Matmos Interview: The Marriage Of True Minds
, May 11th, 2011 07:00
For their new project, Matmos delve deep into the psychic realm. Here, they not only discuss this and Throbbing Gristle with Nix Lowrey, but probe into his mind...
Matmos - the electronic duo comprised of Drew Daniel and Martin Schmidt - have been creating, constructing and collaging sonic ephemera since the mid 90s. With each album they release, Daniel and Schmidt seem to have thrown each other a gauntlet, between them creating compositions based around the collection and processing of particularly unorthodox sounds. Sometimes compared to artists like Steve Reich, and certainly to Pierre Henry (the 'father' of Musique Concrete), Matmos have created albums entirely from the sounds of surgery (A Chance To Cut Is A Chance To Cure), used the sound of a bovine uterus (on their venerative album The Rose Has Teeth In The Mouth Of A Beast which pays tribute to notable queers), and on their first self-titled effort sampled the nerve signals of a crayfish.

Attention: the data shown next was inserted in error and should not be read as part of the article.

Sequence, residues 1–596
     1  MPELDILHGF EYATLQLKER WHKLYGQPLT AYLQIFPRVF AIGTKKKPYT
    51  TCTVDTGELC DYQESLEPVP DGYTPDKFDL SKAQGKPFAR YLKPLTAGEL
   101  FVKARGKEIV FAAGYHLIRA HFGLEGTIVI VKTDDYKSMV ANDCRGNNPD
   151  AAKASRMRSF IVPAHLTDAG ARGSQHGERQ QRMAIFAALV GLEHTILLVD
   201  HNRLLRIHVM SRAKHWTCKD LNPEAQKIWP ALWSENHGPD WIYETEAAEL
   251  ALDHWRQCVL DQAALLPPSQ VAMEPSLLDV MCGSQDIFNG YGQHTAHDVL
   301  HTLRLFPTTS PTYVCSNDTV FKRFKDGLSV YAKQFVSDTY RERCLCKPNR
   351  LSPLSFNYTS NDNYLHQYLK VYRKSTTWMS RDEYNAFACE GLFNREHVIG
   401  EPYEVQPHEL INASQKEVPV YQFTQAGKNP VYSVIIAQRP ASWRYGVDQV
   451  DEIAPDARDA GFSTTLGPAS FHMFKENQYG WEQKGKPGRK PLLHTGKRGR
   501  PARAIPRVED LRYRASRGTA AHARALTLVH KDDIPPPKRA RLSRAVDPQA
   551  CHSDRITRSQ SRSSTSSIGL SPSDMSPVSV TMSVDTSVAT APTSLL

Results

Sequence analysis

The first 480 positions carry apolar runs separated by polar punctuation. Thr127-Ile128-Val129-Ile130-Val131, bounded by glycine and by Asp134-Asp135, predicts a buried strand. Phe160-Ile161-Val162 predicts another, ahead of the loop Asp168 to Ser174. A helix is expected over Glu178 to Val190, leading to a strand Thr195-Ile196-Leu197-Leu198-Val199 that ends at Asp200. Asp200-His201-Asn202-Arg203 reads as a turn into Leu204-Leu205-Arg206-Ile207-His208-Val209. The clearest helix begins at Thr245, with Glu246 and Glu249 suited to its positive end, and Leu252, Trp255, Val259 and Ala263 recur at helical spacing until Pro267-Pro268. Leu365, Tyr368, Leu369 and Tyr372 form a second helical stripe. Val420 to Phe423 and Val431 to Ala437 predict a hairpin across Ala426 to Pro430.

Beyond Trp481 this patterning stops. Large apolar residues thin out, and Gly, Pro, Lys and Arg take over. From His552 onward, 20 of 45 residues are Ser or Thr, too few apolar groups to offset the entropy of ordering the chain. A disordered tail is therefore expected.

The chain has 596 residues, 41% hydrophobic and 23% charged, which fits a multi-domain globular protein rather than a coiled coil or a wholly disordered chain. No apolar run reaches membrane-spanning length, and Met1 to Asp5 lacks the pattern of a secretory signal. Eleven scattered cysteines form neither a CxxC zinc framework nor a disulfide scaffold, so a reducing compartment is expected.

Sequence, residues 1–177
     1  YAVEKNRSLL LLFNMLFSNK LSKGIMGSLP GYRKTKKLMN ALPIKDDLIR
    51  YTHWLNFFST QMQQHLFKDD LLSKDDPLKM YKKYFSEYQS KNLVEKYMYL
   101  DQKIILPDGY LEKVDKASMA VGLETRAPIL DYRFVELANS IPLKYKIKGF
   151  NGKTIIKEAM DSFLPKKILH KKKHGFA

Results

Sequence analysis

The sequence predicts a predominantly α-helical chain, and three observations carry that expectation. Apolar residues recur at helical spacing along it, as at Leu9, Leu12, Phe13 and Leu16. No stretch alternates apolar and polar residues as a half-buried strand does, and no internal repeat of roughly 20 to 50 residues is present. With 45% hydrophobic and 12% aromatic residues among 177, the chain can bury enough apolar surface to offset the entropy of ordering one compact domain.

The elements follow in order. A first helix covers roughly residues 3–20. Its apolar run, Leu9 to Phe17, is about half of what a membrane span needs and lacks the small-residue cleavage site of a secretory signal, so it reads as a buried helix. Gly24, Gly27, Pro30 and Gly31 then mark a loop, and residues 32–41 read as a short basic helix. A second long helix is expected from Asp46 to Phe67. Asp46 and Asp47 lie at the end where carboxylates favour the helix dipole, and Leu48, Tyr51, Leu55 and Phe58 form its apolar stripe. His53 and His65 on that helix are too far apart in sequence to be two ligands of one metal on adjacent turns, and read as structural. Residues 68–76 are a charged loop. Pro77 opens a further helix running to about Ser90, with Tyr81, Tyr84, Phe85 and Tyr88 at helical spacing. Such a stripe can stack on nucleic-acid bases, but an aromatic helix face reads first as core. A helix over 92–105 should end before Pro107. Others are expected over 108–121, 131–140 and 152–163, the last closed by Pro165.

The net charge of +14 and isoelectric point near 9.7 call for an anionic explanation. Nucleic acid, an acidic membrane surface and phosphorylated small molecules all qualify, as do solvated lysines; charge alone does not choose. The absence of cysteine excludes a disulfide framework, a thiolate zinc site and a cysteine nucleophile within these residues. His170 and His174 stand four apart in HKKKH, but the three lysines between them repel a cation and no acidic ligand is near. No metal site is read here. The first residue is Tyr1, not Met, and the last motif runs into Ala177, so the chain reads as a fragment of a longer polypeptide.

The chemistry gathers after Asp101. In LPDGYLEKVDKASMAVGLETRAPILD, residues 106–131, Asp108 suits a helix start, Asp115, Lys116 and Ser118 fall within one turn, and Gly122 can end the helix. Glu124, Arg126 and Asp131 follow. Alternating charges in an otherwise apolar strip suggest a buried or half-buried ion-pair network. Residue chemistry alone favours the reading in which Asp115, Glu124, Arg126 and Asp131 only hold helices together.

As ambitious as their projects have been in the past, Matmos' new album may just represent their most difficult challenge to date - and certainly their most esoteric. The Marriage Of True Minds', so far four years in the making, sees Daniel and Schmidt moving beyond the sound of creatures or surgery for their sonic palette. Instead, they used the minds of composers, comrades and the occasional scribe - including your humble narrator - through a series of psychic experiments. In these experiments Drew attempts, under 'psientific conditions', to transmit the concept of the new album into their subject's mind. The band then record the perceived messages heard, and at least attempt to use those as a basis for composing pieces.